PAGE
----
Let’s pretend you are the branch manager for Mercantile Credit, a busy inner city branch in downtown Vancouver. As a leader, you have lot’s of challenges keeping the business focused and profitable, managing 15 employees and providing strategic and best advice to the SLT. You are busy, real busy.
Meet Maxine, one of your employees [it could just as well be Clint]. Maxine is 35 years old and is an expert at her work as a contract specialist for Mercantile Credit Union. Maxine is part of a team of 15 people who report to you. She has been working at Mercantile Credit for nearly 13 years now. During coffee breaks, you can always find Maxine, come rain or shine, having a smoke outside with her small group of friends.
Maxine can be a lot of fun to be around. But also a bit of a pain. What gets to you sometimes is her uncanny way of making a meal out of every event in her life. There’s the ex-husband who is a jerk, the ex-mother-in-law who ignores Maxine, the schoolteacher at work who is picking on her daughter, the renters who are trashing her investment condo, the great deal she’s just got to go to Cancun with her new boyfriend . . .
As a leader you have most probably come across a ‘Maxine’ or ‘Clint’ at some stage in your career. You might even have a ‘Maxine’ or ‘Clint’ in your team right now.
What bothers you about Maxine is her ability to involve her small band of followers, and anyone else who will listen, in her unfolding dramas. She’s so good at it that people become emotionally involved, take sides and try to help her out. Then one or two of her colleagues will get frustrated when she doesn’t act on their suggestions. They avoid her for a while and that unsettles Maxine and makes her seek out other colleagues who will collude with her.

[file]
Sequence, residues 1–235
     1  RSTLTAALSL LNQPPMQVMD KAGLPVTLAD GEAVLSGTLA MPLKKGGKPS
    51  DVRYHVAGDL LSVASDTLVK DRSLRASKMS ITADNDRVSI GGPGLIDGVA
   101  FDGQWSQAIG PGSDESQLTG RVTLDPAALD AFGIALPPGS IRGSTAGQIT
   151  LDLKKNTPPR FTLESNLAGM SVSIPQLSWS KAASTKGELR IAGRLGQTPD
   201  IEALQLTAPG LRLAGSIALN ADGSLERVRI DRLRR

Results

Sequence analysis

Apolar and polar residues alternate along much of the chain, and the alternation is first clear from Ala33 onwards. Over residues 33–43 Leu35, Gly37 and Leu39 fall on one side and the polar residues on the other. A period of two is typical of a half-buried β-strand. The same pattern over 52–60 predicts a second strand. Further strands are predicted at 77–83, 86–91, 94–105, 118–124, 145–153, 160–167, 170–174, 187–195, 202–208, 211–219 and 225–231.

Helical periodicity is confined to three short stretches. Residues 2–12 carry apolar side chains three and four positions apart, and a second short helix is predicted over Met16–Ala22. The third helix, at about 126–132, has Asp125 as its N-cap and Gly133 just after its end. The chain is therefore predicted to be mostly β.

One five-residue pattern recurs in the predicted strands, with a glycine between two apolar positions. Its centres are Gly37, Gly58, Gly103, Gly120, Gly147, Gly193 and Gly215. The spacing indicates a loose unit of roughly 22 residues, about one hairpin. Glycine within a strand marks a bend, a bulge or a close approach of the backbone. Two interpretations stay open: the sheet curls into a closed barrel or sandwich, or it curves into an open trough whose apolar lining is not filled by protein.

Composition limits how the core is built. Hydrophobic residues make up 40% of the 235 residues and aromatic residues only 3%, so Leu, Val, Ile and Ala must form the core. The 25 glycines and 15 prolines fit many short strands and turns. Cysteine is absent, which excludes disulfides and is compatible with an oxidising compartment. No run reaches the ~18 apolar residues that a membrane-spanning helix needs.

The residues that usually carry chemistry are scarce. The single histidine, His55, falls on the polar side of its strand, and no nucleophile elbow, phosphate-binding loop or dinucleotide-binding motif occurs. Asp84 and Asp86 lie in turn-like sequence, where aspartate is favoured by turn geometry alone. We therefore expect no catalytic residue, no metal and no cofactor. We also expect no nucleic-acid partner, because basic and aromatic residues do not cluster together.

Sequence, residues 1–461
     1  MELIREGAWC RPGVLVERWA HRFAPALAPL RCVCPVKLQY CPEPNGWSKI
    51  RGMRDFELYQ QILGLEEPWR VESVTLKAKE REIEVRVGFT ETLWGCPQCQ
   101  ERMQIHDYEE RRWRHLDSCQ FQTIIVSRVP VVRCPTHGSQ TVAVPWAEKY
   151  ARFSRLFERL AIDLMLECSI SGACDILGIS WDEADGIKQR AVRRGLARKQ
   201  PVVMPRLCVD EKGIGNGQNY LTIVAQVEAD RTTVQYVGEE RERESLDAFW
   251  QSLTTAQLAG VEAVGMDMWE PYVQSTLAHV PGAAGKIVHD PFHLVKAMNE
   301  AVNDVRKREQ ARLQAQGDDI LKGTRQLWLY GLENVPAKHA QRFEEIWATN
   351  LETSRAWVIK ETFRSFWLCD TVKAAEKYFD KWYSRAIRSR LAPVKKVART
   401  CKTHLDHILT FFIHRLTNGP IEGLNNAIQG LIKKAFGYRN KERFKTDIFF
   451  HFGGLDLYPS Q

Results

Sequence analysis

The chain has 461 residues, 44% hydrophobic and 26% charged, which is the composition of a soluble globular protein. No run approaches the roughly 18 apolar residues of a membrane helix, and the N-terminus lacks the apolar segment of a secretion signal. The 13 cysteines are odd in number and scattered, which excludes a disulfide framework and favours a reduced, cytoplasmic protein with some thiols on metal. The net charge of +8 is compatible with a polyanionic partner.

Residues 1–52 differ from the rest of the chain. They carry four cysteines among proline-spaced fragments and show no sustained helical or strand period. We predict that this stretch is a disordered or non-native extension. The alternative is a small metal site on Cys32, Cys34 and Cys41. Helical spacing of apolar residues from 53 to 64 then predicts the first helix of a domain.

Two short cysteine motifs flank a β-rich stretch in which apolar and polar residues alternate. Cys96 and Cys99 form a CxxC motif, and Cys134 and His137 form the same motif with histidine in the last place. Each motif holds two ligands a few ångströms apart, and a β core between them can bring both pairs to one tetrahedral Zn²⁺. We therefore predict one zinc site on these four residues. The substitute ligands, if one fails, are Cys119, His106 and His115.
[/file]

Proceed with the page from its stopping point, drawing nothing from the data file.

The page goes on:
And here’s where it becomes a problem at work because employees at the branch sort themselves into two camps:
A coach approach to a feedback conversation is transformational – we invite the other person and ourselves into a compelling future. Both of us need to walk away feeling inspired to move forward with a new understanding, clarity and a sense of power leading to action.
The practice of regularly giving feedback on an informal and formal basis involves:
Once you have provided feedback, turn it around and invite your employee or colleague to provide you with constructive feedback on any scenario, challenge or issue that comes to his or her mind. If the person is hesitant, ask “How am I doing with ….
As a leader you will need to have a series of feedback conversations with her using the guidelines listed above. If no-one has drawn Maxine’s attention to the impact of her style in previous years, it will come as a complete surprise to her as patterns have developed and become entrenched long before you came to this branch.
The feedback conversations should be conducted with extreme care and candour – being respectful of Maxine as a person and being absolutely clear on the impact of the behaviour. And once you have provided feedback, turn the focus on you and invite feedback from her on the way you show up as the branch manager.
Ask me about the Cultivating a DIET for Feedback Method – a powerful and clear 4-step method for leaders that can be used in any scenario for giving and receiving feedback – for correcting behaviours or reinforcing or encouraging behaviours.
Conversations That Count is a compilation of stories of authentic interaction with peers, employees, colleagues and customers. When we get engaged, we get results - a real return on engagement.